Moving further along the supply chain to the harvesting process, Lo said that the large harvesters that take the plants out of the ground could cause bruising and other damage.

She said the company leverages machine learning to identify plants that may turn out to be suboptimal and which should be removed. She maintained that the Crop One harvesting process is done much more gently” because we are harvesting with people [rather than machines] and we’re using ceramic knives, which don’t cause browning at the cut plant edge,” she explained.

There’s also room for efficiency, and better quality control, in the washing and packing of produce, she said.  During traditional processes, there more opportunities for plants to be damaged for pathogens such as  E. coli to spread – chiefly because farmers do not have a direct route to market, she said.

“The vast majority of produce is actually processed by enormous pack houses,” in California, she said.  And the grower that has E. coli on their product has its produce mixed in with others’ untainted produce that is co-washed and co-packed. Such co-mingling leads to multistate outbreaks that dominate headlines.

By way of contrast, she said that Crop One’s chain extends directly from the point of planting to the point of retail sale – and traceability exists back through the chain.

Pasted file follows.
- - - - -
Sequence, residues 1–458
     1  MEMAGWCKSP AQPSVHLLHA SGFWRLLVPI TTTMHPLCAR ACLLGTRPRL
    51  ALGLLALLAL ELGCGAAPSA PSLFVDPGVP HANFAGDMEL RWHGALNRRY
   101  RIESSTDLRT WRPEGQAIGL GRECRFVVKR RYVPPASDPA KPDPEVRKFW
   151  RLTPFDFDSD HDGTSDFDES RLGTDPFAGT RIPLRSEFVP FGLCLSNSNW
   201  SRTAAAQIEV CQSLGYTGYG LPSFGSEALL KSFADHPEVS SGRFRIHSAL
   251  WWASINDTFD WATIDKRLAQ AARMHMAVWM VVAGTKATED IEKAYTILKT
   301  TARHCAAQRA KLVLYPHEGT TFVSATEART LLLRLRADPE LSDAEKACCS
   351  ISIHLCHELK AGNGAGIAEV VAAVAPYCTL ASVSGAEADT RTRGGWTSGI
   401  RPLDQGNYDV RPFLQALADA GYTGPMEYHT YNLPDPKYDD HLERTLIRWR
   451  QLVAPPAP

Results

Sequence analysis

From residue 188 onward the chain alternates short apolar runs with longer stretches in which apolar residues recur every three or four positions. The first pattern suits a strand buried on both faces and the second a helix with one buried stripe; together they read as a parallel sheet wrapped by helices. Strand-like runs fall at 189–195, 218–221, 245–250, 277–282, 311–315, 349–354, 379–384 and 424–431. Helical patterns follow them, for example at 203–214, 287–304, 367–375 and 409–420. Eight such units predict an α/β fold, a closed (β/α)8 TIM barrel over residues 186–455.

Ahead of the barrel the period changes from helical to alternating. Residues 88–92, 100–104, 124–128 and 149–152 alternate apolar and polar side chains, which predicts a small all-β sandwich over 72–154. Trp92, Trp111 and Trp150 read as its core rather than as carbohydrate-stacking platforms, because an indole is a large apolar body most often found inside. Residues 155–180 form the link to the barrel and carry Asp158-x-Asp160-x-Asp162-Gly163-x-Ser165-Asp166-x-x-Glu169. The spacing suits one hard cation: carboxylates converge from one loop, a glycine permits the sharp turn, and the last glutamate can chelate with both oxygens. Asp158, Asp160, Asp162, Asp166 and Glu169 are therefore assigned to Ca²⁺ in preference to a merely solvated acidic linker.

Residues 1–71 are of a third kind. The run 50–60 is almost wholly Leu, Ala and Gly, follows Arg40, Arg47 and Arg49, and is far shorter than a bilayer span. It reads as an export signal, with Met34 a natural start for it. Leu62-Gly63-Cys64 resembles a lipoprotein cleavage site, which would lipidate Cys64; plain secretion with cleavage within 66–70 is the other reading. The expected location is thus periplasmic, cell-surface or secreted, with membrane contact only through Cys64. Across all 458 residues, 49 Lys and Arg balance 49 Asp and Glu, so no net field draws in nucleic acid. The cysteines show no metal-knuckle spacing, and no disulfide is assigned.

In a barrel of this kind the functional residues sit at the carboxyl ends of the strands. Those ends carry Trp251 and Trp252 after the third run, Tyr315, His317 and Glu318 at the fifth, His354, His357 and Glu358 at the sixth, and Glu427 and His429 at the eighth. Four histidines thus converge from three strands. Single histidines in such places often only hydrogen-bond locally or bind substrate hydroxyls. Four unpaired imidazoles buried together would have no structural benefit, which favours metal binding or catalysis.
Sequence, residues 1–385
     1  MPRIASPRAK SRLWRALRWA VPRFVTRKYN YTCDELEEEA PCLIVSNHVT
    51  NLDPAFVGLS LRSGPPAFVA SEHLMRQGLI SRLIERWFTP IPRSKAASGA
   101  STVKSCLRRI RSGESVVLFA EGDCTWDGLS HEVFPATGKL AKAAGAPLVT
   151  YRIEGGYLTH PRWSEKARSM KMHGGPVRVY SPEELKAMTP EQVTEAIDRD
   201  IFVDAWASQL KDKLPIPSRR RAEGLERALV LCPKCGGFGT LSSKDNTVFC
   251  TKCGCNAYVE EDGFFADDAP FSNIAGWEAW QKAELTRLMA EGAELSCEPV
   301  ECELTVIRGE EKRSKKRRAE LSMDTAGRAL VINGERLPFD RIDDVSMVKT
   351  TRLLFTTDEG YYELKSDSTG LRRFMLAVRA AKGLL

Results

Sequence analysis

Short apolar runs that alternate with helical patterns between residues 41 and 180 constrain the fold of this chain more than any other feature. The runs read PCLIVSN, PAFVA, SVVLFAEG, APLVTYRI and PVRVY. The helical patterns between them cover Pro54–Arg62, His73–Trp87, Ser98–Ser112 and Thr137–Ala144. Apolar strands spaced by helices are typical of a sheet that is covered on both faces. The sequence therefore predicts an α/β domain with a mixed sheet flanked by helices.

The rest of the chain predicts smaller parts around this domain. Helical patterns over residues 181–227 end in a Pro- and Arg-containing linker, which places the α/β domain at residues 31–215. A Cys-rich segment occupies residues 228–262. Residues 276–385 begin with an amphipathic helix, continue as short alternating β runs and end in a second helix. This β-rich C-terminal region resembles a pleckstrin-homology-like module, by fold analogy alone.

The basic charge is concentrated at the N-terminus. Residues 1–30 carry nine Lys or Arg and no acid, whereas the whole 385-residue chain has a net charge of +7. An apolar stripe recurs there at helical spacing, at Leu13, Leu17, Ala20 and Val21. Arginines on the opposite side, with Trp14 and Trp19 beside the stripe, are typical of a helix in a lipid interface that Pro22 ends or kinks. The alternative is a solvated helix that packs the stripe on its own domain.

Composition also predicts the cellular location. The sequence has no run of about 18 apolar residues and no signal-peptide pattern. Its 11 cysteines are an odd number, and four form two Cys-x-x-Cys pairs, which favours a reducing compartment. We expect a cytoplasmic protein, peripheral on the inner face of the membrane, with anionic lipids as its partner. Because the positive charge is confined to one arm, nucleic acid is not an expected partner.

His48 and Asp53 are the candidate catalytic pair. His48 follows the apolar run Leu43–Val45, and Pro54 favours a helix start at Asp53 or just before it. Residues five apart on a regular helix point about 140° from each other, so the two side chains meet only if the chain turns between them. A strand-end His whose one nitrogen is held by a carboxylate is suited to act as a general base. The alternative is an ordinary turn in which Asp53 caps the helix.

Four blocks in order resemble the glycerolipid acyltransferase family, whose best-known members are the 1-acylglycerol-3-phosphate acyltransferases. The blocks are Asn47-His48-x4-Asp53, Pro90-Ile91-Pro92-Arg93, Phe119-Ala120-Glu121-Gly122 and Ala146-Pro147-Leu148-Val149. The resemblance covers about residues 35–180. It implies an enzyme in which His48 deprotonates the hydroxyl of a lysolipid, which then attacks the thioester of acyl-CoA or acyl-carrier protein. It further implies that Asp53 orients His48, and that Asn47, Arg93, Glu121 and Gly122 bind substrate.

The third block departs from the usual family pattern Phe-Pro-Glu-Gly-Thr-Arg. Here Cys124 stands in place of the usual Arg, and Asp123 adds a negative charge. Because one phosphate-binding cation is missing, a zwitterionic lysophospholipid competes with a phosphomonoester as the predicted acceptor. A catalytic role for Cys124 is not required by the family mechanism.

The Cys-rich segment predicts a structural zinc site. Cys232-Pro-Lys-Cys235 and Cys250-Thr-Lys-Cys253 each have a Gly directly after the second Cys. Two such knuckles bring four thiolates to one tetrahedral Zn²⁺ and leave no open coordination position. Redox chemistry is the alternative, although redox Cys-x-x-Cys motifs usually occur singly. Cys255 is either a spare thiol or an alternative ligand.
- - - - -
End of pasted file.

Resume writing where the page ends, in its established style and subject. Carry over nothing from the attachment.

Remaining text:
“With data flows and sensors, we can trace where a plant was grown down to the 2-foot by 4-foot shelf on which it was grown. A field-based farmer today can maybe trace the contamination back to the farm at which it was grown – maybe,” she told PYMTS.

And in terms of the ripple effects to the end consumer, she said that the price paid by consumers for vertically farmed products is cost comparable to field farmed organics produce, with costs continuing to trend downward.

The Larger Picture

Looking ahead, Lo said that geographic expansion is driven by market pricing. She noted that markets such as Dubai, North America and Europe can be thought of as “willingness to purchase” markets and then there are “cost-plus” markets.  The “cost-plus” markets, she said, are those marked by infrastructure that already supports mass produce crops – and where, if Crop One were to enter those markets, Lo said the company might break even. Willingness to purchase markets are profitable, she said.

“The important thing to do is to start off in markets where we can be profitable and work toward lowering our cost basis to those markets that are ‘cost plus’.” In entering a market such as India, she said, the focus would initially be on serving the middle class in that country, which she said is marked by a “willingness to pay pricing structure.”

Looking ahead, she said the company’s goal is to use its technology to feed the top three quintiles of the world’s population in the next two to three years (and employ the bottom two quintiles), and feed all five quintiles in the five to seven years.

At present, the vast majority of the vertical farming industry is capable of only growing leafy greens commercially, but that will change, moving to new markets like plant-based starches, oils, and proteins and strawberries as the next generation of LED lighting and data science takes root.

“We are looking to grow a nutritionally complete meal,” she told PYMNTS.